Cancer therapy involving chemotherapy and radiation especially can affect your taste buds’ response to food. It’s also common for smoking to affect your taste. Dysgeusia tends to only be temporary, and should resolve once you’ve eliminated the cause – so if you are smoking, it’s time to stop now.
8. Blueish purple tongue – blood stagnation or cold
If your tongue has blueish purple spots along the edges, it might be due to something known as blood stagnation. This is a condition that causes the slowing or pooling of blood, which can lead to pain and other symptoms. This particular shade of purple would almost look blue, like the colour of the veins in your wrist.
If your entire tongue is bluish purple in appearance, you might just be suffering from a standard viral cold. Make sure you see your doctor if you’re concerned it might be something more serious.
9. Pale purple tongue – cold, respiratory illness or heat
A pale purple tongue is usually an indication of a cold, although if your tongue is dark purple, it may again indicate blood stagnation. A crimson-purple tongue suggests that your body temperature is higher than it should be, especially if you’re also experiencing dryness of the mouth. In this case, drink plenty of water and make sure to stay hydrated, and the issue should clear up on its own.
If your tongue is pale purple, it might be linked to a respiratory illness. Work with your doctor to treat the underlying cause, and re-evaluate your diet if you think it may be contributing to your current state of health.
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10. Bright red tongue – hormonal imbalance, heat, digestion issues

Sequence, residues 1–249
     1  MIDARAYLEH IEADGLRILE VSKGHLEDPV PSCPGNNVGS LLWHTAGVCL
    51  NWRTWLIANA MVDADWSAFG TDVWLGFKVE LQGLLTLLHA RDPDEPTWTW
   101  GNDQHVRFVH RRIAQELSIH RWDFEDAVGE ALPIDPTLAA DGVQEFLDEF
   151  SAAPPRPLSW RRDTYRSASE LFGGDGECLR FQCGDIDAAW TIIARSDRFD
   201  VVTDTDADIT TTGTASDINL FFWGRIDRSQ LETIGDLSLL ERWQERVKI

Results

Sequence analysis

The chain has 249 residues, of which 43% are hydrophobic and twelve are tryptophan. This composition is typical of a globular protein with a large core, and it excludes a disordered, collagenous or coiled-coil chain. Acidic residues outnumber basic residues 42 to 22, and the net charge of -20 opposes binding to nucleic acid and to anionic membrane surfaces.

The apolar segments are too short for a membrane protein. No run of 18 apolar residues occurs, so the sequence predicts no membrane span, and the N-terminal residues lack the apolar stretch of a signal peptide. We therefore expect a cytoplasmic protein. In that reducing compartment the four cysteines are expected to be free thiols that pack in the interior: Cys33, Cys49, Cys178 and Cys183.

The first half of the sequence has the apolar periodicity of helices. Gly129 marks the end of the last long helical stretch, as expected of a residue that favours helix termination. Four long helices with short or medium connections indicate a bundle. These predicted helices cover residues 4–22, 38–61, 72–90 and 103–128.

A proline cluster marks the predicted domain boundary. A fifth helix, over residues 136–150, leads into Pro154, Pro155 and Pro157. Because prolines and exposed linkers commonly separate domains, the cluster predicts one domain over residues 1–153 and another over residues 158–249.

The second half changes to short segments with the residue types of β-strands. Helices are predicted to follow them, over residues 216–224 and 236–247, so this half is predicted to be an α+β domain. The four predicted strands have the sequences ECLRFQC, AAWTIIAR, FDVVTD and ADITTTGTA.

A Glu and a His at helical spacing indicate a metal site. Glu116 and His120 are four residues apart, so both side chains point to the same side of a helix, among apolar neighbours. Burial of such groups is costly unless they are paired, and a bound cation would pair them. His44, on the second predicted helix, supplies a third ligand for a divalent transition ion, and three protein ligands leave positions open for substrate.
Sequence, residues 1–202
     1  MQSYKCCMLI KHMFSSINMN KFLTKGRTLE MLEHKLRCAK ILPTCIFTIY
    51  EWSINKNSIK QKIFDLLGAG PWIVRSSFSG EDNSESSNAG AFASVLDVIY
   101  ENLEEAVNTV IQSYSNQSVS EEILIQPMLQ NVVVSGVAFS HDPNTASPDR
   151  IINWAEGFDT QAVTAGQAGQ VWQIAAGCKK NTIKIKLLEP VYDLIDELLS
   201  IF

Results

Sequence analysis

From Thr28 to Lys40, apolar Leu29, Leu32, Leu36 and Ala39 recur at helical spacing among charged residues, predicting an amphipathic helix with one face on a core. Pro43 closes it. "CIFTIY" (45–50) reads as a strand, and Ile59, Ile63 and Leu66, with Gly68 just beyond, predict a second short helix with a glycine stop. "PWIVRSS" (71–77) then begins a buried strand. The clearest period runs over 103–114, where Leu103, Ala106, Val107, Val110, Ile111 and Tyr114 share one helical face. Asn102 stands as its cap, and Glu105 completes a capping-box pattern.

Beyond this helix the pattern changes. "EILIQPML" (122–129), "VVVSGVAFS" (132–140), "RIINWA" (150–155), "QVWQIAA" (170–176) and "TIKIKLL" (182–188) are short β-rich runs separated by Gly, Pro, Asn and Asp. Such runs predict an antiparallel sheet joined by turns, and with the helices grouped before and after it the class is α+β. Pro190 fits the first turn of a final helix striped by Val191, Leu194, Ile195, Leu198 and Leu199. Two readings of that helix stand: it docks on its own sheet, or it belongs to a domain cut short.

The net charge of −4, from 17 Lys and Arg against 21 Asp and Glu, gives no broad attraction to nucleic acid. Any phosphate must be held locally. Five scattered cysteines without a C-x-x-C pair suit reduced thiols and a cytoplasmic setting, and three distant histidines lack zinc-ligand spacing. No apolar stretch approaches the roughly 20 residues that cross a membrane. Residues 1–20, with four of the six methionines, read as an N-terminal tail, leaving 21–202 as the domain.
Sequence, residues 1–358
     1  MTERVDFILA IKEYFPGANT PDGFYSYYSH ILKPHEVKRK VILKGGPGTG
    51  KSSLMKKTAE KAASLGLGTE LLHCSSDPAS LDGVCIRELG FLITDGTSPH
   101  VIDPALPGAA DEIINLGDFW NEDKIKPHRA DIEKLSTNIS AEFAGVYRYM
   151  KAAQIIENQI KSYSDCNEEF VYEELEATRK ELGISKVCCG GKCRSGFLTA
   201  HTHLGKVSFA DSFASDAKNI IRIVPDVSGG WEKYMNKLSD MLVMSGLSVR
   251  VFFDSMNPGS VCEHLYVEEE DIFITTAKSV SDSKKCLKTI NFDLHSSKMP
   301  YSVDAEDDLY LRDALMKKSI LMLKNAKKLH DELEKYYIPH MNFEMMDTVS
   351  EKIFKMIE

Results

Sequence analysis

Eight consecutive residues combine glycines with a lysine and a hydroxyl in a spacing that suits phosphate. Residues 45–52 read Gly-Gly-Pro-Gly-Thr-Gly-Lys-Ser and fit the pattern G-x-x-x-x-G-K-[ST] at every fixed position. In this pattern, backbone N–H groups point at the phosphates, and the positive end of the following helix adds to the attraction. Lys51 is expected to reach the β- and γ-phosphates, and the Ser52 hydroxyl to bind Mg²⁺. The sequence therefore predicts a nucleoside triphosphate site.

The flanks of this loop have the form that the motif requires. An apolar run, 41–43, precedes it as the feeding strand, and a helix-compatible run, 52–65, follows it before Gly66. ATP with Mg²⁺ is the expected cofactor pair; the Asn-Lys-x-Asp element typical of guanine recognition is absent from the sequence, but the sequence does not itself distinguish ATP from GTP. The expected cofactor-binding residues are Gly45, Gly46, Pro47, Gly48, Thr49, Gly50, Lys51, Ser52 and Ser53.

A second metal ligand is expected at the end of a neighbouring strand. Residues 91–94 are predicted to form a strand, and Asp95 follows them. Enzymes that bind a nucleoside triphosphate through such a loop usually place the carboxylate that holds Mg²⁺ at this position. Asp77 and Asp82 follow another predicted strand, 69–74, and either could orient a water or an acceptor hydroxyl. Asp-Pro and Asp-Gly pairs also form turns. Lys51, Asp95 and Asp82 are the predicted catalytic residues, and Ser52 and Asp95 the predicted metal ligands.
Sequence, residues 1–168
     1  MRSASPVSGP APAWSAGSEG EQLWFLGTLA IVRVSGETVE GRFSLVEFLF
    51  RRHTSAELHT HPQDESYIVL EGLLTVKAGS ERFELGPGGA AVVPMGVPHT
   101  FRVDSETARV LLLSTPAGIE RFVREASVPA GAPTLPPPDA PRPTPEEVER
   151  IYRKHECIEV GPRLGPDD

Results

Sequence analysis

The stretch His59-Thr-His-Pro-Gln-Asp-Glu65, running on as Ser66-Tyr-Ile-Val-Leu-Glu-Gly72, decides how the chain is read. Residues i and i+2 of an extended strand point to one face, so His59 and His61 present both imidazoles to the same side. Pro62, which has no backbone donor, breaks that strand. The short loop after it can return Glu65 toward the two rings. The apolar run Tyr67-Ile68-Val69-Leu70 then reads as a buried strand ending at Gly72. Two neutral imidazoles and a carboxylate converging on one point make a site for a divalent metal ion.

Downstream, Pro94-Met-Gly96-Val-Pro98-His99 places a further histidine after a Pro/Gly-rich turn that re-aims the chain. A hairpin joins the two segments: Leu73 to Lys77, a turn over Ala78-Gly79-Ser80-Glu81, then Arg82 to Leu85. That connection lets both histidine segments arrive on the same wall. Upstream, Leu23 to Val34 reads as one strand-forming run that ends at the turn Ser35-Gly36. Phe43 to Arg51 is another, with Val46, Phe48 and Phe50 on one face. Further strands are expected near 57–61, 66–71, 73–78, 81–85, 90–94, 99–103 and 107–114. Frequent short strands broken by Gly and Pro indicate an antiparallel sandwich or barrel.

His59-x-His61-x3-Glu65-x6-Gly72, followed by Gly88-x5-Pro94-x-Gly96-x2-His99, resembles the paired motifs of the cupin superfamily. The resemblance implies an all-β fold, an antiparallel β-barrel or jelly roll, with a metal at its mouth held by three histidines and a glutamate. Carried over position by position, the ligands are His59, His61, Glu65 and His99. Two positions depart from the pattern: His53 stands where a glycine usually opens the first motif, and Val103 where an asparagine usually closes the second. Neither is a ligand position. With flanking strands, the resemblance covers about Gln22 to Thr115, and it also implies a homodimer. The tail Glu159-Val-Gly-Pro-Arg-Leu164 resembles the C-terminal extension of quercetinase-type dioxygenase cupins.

A tongue that’s bright, almost strawberry-red, is another indicator that you have a hormonal imbalance. It could also be telling you that your body temperature is too high, which might be caused by not eating the right healthy foods. Inflammation or digestion issues can sometimes lead to increased body temperature, as well as common colds and flus. Try eating cooler foods to resolve the issue.
If your tongue is red, it could similarly mean that heat isn't flowing properly around your body. Make sure to regularly exercise, dress accordingly, and stay hydrated to the keep heat moving in and out of your body and ultimately regulate your body's temperature.
11. Hair on surface of tongue – poor oral health, Epstein-Barr or HIV
One of the rarer changes to your tongue presents as a surface coating that has the appearance of black, brown, or white fur, which is known as hairy tongue. Those “hairs” are not actually hairs, but long strands of proteins that catch food and bacteria over time.